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WASHINGTON — Sen. Edward M. “Ted” Kennedy, the longtime Democratic senator from Massachusetts who died Tuesday night at age 77, was a major champion of the American worker for more than four decades, from reforming the health care system to increasing the minimum wage and helping unions organize.
This story first appeared in the August 27, 2009 issue of WWD. Subscribe Today.
Kennedy, who died of a cancerous brain tumor, will be buried on Saturday next to his brothers, President John F. Kennedy and Sen. Robert Kennedy, at Arlington National Cemetery here.
Kennedy’s long-standing career in the Senate began in 1962. His diligence as a legislator earned him the nickname “The Lion of the Senate,” revered by his allies and respected by his foes. Even during long, challenging months of chemotherapy, Kennedy refused to give up the mantle for universal health care — one of the key issues of the Obama administration — and workers’ rights.
“He was there in the darkest hour for American workers, not only in terms of economic bad times but also during the Reagan [former president Ronald Reagan] years when unions were a dirty word,” said Bruce Raynor, president of Workers United, which represents 150,000 textile workers, apparel laundry and retail distribution workers. “Sen. Kennedy was our voice on Capitol Hill, and he is irreplaceable.”
Raynor said Kennedy’s single greatest achievement in protecting workers was his leadership in helping craft a bill that established the Occupational Safety and Health Administration in 1970. OSHA’s mission, as part of the U.S. Department of Labor, is to prevent deaths, work-related injuries and illnesses by enforcing standards for workplace safety and health.
“OSHA would not exist without Sen. Kennedy,” Raynor said.
More recently, Kennedy worked to help save jobs for workers at a unionized military apparel contractor in New Bedford, Mass., Raynor said.
He also influenced legislation to help unions organize, protect workers from pay discrimination and bolster pension and unemployment insurance.
Given his staunch support of labor, the indefatigable Massachusetts senator often had a prickly relationship with U.S. businesses and the Bush administration.
“He could be your fiercest adversary or your best friend,” said Neil Trautwein, vice president and employee benefits policy counsel at the National Retail Federation. “I spent more time fighting against Sen. Kennedy’s proposals than working with him, but he had the rare ability to see in today’s adversary tomorrow’s ally and that is what made him such a fine legislator…”
Kennedy found a new ally in the White House with President Obama, at least philosophically, on a wide and deep range of social issues.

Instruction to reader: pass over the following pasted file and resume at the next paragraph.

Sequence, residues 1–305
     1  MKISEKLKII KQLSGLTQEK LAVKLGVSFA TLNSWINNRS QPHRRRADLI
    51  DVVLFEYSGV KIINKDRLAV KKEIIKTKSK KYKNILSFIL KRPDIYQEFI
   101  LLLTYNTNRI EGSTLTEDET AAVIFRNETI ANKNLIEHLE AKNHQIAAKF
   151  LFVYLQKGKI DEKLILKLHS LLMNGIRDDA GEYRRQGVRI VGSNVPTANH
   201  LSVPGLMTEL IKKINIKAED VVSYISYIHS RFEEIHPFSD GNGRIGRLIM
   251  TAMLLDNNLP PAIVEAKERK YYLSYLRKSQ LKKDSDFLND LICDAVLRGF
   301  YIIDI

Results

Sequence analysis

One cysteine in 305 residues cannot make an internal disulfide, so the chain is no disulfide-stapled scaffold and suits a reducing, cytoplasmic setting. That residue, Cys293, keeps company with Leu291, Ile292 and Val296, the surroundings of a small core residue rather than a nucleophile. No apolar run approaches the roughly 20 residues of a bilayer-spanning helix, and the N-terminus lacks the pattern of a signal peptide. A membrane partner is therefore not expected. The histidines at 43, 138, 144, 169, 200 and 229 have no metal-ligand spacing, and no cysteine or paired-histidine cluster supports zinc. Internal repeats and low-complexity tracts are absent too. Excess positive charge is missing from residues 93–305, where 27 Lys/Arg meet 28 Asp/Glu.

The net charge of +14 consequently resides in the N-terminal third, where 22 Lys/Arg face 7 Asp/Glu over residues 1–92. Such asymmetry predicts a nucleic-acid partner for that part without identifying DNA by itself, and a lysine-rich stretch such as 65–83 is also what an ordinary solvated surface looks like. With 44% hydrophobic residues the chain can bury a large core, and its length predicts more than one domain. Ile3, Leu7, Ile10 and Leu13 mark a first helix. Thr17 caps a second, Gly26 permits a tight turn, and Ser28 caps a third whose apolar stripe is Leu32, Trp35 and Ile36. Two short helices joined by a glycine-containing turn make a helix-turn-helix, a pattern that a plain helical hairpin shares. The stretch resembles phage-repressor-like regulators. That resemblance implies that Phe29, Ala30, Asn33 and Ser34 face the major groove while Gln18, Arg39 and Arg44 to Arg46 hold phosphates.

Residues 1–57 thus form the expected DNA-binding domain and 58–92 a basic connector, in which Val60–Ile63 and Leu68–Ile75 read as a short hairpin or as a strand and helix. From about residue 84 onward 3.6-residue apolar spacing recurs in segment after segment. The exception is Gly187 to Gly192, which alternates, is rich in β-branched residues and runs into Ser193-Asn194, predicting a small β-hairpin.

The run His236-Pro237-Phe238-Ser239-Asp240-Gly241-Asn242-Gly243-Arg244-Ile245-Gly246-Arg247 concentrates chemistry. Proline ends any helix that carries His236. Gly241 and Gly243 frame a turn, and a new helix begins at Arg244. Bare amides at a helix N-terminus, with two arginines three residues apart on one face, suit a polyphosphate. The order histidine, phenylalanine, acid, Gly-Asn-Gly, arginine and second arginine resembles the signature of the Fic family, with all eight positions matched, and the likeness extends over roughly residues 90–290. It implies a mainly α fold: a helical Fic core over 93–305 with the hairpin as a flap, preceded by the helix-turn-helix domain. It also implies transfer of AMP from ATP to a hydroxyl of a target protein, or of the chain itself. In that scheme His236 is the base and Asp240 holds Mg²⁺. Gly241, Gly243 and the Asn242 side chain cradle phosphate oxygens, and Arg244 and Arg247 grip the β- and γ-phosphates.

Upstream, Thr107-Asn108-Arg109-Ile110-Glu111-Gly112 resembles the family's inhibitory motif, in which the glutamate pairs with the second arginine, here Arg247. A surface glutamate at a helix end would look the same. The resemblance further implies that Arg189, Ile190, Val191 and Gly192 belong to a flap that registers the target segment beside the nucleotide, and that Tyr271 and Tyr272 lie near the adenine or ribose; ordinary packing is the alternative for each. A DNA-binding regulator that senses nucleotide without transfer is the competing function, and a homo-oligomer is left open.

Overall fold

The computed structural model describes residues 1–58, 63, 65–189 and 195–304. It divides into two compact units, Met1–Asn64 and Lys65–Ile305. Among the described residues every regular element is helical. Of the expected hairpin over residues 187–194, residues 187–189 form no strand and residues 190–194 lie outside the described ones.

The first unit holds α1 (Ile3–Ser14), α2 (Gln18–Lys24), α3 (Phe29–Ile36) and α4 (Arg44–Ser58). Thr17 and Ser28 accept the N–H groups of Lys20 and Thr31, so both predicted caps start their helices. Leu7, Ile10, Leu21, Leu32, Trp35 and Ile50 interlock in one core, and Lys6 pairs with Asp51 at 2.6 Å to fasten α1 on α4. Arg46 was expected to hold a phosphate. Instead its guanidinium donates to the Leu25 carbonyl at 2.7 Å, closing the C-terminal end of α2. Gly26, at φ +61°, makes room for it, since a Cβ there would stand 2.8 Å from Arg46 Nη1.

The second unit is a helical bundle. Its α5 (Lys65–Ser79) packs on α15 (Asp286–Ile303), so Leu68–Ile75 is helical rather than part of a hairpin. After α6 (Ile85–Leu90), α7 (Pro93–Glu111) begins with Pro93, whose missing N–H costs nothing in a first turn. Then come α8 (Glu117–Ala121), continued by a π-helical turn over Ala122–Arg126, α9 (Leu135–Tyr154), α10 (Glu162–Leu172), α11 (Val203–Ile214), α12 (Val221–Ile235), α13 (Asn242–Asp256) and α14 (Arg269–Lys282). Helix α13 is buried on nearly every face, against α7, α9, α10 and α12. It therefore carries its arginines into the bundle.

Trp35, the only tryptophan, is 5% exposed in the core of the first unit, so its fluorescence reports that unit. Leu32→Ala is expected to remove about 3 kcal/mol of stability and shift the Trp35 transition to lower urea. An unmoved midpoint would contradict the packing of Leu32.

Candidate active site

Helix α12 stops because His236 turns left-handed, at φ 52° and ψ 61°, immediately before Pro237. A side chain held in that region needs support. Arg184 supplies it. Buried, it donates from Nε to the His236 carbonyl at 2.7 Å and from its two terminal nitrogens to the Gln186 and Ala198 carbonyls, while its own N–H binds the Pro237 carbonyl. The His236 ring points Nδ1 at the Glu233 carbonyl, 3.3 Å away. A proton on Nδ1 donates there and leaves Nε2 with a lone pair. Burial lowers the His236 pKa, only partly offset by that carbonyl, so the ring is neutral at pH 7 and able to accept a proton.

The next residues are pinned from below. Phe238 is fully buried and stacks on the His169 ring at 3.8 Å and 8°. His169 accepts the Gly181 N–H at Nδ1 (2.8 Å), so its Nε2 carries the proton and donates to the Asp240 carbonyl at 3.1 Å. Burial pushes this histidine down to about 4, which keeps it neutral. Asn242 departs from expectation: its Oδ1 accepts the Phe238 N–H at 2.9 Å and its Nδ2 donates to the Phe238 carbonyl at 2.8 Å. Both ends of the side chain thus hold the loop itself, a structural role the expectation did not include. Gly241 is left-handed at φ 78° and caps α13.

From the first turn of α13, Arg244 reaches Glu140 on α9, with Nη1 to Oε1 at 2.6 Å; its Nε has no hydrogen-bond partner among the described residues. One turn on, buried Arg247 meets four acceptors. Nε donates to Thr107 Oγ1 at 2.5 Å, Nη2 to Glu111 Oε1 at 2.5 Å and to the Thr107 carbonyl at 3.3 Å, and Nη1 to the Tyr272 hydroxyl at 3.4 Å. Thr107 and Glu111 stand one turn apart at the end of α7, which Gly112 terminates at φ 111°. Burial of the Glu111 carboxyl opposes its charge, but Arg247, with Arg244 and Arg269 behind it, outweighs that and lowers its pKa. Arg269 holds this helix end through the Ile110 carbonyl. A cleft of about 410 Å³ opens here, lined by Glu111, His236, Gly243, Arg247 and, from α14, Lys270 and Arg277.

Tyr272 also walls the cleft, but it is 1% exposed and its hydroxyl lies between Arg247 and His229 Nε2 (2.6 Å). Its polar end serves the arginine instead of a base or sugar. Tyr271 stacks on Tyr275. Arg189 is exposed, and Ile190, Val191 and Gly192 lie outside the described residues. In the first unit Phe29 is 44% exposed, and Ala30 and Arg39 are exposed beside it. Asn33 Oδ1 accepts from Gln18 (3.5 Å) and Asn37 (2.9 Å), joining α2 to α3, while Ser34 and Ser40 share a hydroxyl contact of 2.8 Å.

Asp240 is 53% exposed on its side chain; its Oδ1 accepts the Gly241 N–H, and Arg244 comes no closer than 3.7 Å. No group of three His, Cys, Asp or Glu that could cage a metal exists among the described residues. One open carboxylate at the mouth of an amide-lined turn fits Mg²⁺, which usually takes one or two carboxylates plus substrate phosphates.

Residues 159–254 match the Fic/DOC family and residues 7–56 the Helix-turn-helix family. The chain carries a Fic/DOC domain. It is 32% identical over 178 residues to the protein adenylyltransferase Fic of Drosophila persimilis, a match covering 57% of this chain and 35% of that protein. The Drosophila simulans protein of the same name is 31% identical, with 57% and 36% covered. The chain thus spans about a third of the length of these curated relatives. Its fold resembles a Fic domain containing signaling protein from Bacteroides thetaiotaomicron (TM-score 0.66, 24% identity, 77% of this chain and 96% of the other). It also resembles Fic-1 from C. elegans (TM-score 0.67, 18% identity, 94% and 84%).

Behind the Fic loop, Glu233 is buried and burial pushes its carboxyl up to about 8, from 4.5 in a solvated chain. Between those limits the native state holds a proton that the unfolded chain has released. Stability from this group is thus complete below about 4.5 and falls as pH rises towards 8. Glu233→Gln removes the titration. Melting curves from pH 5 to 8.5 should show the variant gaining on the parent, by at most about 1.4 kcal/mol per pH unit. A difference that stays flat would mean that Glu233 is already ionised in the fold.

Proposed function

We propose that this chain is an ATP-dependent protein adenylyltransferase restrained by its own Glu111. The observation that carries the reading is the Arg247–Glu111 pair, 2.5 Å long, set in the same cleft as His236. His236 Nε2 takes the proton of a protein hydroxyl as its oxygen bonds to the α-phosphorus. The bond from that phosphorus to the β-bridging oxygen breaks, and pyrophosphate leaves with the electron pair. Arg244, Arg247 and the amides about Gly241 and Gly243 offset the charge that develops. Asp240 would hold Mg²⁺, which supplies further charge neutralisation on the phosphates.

The President and senator had an alliance on health care reform, which has stirred vituperative nationwide debate and hit Obama’s popularity. Trautwein said the health care reform legislation suffered without Kennedy’s “personal touch” and mastery of consensus building.
“If you spend enough time with reform-minded people, you can really get a sense of the achievable and what the reform market will bear, and I think that sensibility, which Sen. Kennedy was a master at encouraging, was missing and I think it has handicapped the current debate,” Trautwein said.
That Kennedy did not live to see major health care reform enacted was seen as another tragedy of sorts by many in U.S. labor circles.
“He would have been so happy and proud to see a strong health care bill put in place,” said Thea Lee, policy director for the AFL-CIO. “It’s a terrible thing he didn’t see it happen.”
Obama and Kennedy also shared a loose alliance on a pending contentious bill that would make it easier for workers to form a union.
The legislative proposal, known as the Employee Free Choice Act, would essentially change the method of organizing a workplace to an open card-check system from a secret-ballot election that has been the standard for decades.
Lee at the AFL-CIO said the labor movement “missed his voice during negotiations to get to the 60 votes we need in the Senate” on EFCA, which could ultimately end up dropping key provisions such as one that would force employers to certify a union if a majority of employees sign cards in support of one to reach a compromise.
Lee said the labor movement will continue the fight for EFCA and health care in Kennedy’s absence, to help preserve his legacy.
“Our goal is to preserve the essential elements of the bill [EFCA] to make it easier for workers to join a union and remove some of the obstacles and discourage illegal behavior that employers engage in,” she said.
U.S. retail lobbying groups such as the NRF and Retail Industry Leaders Association have poured millions into advertising and lobbying campaigns to defeat the bill, arguing it would add undue peer pressure to the process.
In some notable instances, the industry backed Kennedy’s causes, as in the case of legislation authorizing the first minimum wage increase in 10 years, which the late senator helped usher through Congress. The measure raised the federal minimum wage in three steps to a total of $7.25 an hour as of July 2009.
From the minimum wage and immigrants’ rights to pay and sex discrimination in the workplace, Kennedy never tired of taking up the next legislative fight.
He claimed victory on one of those fights earlier this year when Obama signed into law a bill that made it easier for victims of pay discrimination to file lawsuits against employers.
“The Lilly Ledbetter Fair Pay Act will clearly help to end unfair discrimination in the workplace,” said Kennedy. “Under President Obama’s leadership, we’ll continue to put working families first and bring needed change to America.”